Every page is filled with remarkable details and incidents, like p. 41 for this in late 1940 when Cage is raising money for his Center for Experimental Music:

He played some of his percussion records for the artist Diego Rivera, who became “very enthusiastic,” Cage said; Rivera spoke to influential people on behalf of the Experimental Center and “referred” him to Charlie Chaplin.

These two names appear out of nowhere. However, two pages later we read, “He learned that people of Chaplin’s celebrity were ‘very difficult to get to.’” No doubt! Still, pretty good for a 28-year-old.

About Cage’s friendship with Marcel Duchamp (p. 228):

Their new friendship pleased Duchamp no less than Cage. “We’re great buddies,” he told an interviewer; “we have a spiritual empathy and a similar way of looking at things.” On many key points their aesthetic thought matched.

Cage once joined Duchamp and his wife on vacation in Spain, where the Duchamps regularly hung out with Salvador Dalí and his wife Gala:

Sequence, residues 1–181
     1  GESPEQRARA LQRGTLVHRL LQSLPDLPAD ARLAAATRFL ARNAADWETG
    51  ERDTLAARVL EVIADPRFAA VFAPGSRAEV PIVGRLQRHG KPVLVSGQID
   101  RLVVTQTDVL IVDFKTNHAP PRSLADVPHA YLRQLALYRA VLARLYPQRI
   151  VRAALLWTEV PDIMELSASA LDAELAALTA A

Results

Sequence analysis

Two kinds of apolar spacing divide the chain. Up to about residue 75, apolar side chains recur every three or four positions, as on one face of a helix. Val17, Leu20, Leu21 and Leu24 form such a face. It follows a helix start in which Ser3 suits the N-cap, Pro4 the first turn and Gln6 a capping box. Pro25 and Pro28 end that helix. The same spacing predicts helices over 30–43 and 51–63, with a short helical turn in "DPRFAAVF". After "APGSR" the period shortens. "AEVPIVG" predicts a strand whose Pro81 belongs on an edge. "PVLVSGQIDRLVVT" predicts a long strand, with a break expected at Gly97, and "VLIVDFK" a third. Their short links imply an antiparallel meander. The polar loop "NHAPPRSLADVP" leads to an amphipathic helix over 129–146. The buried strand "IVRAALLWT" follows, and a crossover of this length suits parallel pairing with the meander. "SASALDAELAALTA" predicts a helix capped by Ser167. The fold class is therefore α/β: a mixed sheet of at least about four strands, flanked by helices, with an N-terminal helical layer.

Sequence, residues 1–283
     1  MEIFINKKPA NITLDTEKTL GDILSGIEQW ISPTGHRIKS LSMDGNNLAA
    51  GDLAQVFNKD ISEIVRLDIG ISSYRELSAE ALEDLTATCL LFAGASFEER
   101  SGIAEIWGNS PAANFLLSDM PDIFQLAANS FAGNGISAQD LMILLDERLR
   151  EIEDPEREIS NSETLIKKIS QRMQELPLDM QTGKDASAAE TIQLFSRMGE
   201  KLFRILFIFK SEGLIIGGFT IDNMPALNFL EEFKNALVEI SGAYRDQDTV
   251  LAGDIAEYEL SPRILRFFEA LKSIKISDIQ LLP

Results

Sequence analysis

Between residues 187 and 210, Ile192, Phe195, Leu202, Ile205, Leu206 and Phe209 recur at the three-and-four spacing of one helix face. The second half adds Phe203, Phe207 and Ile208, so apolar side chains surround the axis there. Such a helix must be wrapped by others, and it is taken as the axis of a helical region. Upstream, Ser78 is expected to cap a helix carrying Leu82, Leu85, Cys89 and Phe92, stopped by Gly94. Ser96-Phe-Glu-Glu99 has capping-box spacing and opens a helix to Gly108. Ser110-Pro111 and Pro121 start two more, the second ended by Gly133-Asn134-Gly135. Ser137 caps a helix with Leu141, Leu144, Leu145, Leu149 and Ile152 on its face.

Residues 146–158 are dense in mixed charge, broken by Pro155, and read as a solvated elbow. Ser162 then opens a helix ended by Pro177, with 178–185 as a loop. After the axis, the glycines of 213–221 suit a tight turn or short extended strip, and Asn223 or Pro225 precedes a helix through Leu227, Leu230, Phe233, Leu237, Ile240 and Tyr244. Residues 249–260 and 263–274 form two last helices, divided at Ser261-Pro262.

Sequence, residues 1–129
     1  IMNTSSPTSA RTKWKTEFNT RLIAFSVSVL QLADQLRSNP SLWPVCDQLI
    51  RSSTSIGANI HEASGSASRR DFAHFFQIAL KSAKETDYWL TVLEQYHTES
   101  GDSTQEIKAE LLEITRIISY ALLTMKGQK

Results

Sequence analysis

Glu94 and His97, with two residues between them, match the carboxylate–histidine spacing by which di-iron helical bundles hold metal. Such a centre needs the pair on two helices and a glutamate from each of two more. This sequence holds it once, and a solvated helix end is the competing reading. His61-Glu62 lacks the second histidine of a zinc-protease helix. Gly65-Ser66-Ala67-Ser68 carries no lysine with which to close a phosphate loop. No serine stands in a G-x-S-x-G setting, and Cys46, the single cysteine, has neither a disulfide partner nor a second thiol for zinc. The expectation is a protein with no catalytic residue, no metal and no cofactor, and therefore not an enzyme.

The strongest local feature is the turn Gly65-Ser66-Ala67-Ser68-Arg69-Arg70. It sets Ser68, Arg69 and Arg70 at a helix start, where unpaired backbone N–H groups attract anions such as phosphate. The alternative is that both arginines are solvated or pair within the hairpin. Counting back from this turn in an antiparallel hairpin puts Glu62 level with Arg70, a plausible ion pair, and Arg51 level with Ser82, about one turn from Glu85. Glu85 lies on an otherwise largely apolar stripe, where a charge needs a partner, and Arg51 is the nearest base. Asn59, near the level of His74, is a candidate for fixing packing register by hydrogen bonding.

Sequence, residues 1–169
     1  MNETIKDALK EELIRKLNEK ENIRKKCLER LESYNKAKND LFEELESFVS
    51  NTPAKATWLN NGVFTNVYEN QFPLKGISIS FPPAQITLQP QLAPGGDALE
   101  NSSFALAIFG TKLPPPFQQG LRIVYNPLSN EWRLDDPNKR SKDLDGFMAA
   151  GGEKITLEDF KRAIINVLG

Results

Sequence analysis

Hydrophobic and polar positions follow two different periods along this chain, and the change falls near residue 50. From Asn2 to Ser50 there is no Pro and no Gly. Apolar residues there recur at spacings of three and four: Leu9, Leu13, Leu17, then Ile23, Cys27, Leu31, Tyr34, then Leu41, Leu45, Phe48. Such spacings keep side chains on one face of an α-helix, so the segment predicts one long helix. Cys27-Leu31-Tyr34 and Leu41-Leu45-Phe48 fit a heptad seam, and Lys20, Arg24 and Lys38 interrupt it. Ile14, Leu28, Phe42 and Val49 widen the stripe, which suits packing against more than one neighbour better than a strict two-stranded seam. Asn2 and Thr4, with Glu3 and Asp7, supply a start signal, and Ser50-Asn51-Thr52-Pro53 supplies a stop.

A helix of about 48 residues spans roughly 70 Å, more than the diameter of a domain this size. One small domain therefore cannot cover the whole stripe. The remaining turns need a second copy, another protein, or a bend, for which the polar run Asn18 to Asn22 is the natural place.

One time at Cadaqués, Duchamp persuaded Cage to accompany him and Teeny to visit Salvador Dalí, living in a group of connected fishermen’s shacks at nearby Port Lligat. Cage disliked Dalí’s paintings, and in person disliked the painter no less. Dalí showed them a huge painting that Cage though “vulgar and miserable.” And the artist talked and talked, he said, “as though he was the king.” He found it hard to understand Duchamp’s admiration for Dalí.

I was particularly struck by this (p. 276) work with William Anastasi:

But in 1977 he came across a painter he had briefly met a decade earlier who became his lifelong chess partner—the innovative conceptual artist William Anastasi (1933–). At the time, Anastasi was seeking a narrator for his performance piece You Are, to be presented at a gallery show of his large silkscreened paintings. Allen Ginsberg and some others had turned him down. So Anastasi’s partner, Dove Bradshaw, a young artist working in clay sculpture and photography, suggested Cage.

The couple spoke with Cage at his Bank Street apartment. Anastasi explained that Cage’s role in You Are would be to report what sounds he heard in the gallery. Cage liked the idea and agreed to appear. (As he later did, telling of rubber-soled shoes, a coat button scraping the wall, someone sneezing: “do you have a cold?” he asked the sneezer; “do you need some kleenex?”)

In Listening to Art, there is no narrator.